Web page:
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Homeland Security Horrors

Another whistle-blower bites the dust at USCIS


It was Aug. 11, the day after the recently foiled British terror attacks came to light, when the e-mail popped up on Sultan Farakhan's screen.

When he saw it, a sick feeling of dread washed over him. He knew that he and the other immigration application screeners at the desks around him had let terrorists, terrorism supporters and other dangerous criminals into this country. He was certain of it. The only question was how many. Hundreds? Thousands?

It was then that Farakhan, who had been filing complaints for years about security breaches at the U.S. Citizenship and Immigration Services, made his decision. It no longer mattered what the Department of Homeland Security, USCIS' parent agency, did to him. It no longer mattered if he kept his job. The American people had to know that immigration adjudicators had been giving out everything from work visas to green cards to permanent residency status to foreign applicants without checking to see if they were on terrorist watch lists or had terrorist connections or criminal histories here or abroad.

According to that e-mail from the Department of Homeland Security and another in May that were turned over to Congress, immigration supervisors and processors at the Missouri center where Farakhan worked were unaware that they were supposed to push a key or simple series of keys on their keyboards each time they reviewed an application. Hitting the keys would allow them access to a national security databases called the Interagency Border Inspection System, which contains national security information from more than a half-dozen federal agencies and would tell them if an applicant was on national security watch lists.

Employees knew that they should check IBIS when the certain keys lit up on an application. What they and their supervisors weren't told was that the keys needed to be accessed on each application regardless of whether they lit up. According to internal e-mails from USCIS administrators and Farakhan, based on the number of applications processed, up to 2.8 million may have slipped through the center unchecked since 2002.

In the Aug. 11 e-mail, Department of Homeland Security Supervisory Adjudications officer Norma A. Limon warned employees that they still weren't properly screening applicants. Another warning in May to employees said the same thing, but it gave incorrect information for accessing IBIS, so adjudicators kept processing the applications incorrectly, potentially missing hits on over 150,000.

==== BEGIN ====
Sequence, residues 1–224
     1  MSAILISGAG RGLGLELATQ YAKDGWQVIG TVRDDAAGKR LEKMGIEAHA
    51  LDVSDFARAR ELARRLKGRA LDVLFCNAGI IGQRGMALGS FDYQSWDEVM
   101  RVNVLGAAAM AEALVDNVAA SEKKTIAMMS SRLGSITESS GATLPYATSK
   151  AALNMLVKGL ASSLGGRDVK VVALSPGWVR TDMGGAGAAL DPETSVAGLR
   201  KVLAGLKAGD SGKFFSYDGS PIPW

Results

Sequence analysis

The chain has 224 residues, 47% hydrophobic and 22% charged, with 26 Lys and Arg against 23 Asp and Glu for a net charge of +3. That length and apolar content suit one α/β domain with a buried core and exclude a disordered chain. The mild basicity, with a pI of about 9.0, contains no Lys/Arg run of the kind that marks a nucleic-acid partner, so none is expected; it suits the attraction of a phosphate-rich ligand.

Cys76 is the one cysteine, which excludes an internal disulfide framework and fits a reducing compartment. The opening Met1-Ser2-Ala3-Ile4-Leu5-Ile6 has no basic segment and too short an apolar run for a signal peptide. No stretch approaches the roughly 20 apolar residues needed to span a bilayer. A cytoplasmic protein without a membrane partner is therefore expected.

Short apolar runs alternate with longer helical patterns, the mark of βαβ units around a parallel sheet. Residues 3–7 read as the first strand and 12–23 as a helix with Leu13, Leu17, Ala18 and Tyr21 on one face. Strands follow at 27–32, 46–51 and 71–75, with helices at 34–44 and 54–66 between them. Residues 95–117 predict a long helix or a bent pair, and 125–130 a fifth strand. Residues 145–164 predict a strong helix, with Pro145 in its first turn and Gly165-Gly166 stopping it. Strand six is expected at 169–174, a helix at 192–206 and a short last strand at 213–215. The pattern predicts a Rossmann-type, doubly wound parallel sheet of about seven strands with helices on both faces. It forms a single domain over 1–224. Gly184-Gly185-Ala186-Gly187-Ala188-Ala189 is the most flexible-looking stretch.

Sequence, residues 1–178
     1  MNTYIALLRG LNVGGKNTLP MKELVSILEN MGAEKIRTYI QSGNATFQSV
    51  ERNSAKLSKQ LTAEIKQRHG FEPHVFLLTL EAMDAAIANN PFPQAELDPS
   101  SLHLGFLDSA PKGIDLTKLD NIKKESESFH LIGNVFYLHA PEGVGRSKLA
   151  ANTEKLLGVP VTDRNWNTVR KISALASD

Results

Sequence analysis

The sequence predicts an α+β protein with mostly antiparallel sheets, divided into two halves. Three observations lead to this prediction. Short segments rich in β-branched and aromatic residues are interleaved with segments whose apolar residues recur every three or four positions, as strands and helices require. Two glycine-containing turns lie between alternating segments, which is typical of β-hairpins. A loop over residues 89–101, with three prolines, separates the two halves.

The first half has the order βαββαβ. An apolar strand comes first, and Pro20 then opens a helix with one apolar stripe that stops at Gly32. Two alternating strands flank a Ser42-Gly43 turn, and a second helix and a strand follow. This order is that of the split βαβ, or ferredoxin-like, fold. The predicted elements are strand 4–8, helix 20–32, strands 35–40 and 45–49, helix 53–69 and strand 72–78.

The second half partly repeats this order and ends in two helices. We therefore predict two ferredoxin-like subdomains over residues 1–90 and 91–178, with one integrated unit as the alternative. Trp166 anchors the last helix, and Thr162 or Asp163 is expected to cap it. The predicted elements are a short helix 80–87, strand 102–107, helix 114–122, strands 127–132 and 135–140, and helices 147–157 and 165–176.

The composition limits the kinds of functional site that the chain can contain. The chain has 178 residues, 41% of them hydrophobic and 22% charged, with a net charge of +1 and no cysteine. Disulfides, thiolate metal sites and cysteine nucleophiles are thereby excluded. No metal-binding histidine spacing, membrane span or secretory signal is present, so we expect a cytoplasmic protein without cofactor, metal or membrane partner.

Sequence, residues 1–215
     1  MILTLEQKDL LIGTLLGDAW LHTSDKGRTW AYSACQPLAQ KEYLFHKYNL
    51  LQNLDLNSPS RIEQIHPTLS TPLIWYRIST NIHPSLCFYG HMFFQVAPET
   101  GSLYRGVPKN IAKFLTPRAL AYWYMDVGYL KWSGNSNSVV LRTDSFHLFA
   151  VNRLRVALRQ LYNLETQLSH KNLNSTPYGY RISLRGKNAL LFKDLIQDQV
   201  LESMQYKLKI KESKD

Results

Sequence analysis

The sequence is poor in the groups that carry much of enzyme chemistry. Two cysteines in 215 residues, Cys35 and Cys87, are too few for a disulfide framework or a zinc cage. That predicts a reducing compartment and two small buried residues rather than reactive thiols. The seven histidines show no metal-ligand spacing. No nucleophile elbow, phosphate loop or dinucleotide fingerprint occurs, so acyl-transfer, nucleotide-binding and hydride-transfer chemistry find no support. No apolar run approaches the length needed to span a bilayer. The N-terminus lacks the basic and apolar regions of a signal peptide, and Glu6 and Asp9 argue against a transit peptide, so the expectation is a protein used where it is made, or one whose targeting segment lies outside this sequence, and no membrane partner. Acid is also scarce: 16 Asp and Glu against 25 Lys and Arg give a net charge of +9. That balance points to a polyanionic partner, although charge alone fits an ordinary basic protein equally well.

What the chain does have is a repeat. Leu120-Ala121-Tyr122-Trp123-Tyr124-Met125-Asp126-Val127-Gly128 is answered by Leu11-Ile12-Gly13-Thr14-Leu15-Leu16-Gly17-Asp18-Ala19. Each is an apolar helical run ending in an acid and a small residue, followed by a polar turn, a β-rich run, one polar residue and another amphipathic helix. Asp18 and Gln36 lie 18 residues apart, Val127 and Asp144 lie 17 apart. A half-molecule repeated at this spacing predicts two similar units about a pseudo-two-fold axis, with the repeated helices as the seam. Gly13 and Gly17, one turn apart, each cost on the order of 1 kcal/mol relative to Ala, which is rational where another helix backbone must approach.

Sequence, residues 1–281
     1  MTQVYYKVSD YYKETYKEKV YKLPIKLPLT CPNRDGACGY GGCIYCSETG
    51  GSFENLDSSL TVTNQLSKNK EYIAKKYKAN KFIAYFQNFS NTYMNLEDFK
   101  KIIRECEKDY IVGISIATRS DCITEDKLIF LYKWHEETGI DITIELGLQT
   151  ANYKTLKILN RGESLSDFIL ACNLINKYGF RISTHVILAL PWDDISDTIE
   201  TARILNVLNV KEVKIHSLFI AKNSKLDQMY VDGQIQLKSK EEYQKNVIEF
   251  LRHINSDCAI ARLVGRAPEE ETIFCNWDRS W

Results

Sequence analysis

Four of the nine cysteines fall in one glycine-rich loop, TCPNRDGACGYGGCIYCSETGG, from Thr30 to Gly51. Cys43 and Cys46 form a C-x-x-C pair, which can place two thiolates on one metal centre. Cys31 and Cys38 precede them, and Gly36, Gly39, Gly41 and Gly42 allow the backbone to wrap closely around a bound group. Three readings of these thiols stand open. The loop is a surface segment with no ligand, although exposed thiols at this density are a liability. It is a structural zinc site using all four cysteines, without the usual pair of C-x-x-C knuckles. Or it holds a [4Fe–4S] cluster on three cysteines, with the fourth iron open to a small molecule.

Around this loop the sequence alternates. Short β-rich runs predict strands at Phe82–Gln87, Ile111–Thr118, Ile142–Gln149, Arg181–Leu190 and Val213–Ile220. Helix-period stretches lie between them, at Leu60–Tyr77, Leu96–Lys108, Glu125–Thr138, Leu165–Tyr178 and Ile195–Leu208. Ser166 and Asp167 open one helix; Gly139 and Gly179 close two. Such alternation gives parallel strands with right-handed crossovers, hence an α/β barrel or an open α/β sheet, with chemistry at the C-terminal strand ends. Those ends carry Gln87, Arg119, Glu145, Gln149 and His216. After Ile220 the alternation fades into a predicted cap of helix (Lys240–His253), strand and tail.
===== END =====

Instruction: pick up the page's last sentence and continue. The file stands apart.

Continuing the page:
"After yesterday's British terrorist incident, we must ensure that every IBIS record and sub-records are accessed properly," Limon wrote. "I am seeing a lot of IBIS hits where the F14/15 LINKLIST and/or F13 sub-record are not being accessed at all."

Farakhan sought whistle-blower protection from Congress shortly after he came forward in August. On Sept. 19, Farakhan was given a $500 bonus for processing immigration applications quickly, but by the end of the month, he'd been let go from his job. He was the only contractor who wasn't rehired by the center at the end of the four-year contract period.

"I was terrified," said Farakhan about what was going on inside USCIS. "They don't need to worry about me. They need to worry about fixing the system because I know terrorists slipped through."

Farakhan is the second USCIS whistle-blower I've interviewed for this column in the last six months. The first, Michael Maxwell, the formal head of security at USCIS, also asserted in congressional testimony that USCIS processors and supervisors have missed or ignored thousands of national security hits when giving out immigration benefits.

Congressman Ed Royce, chairman of the House Subcommittee on Terrorism and Nonproliferation, plans to hold a hearing on Farakhan's claims, the e-mails and the latest set of hair-raising documents to escape USCIS, including a July 27 case in which an applicant was given an immigration benefit allowing him to stay in the country even though he is listed on terrorist watch lists. Other documents dating back two years show supervisors disregarding national security hits in order to process applications fast enough to meet President Bush's October deadline for clearing a backlog.

The scariest thing about this isn't who USCIS -- which was formerly known as the Immigration and Naturalization Services (or INS) -- has already let in, but how many more people with deadly intentions that the agency may let in in the future.

USCIS is already strapped for workers with the necessary security clearances to check national security hits -- when the agency bothers to access them at all. But if Congress decides to grant amnesty to millions of undocumented immigrants already here and millions more who want to come here as part of the current U.S. Senate immigration proposal, those applications will be dumped on USCIS as well.

The national security implications of this are mind-numbing, yet few on Capitol Hill seem to care. Don't get me wrong. The Department of Homeland Security, which oversees USCIS, has shown interest in the problem -- by shadowing whistle-blowers like Maxwell and at times sending two or three of their goons to keep them from testifying, despite the objections of Congress members who want to know the truth.

If this is what the president calls national security, we might as well shut down the Department of Homeland Security and pull our troops out of Iraq and Afghanistan. Why bother?

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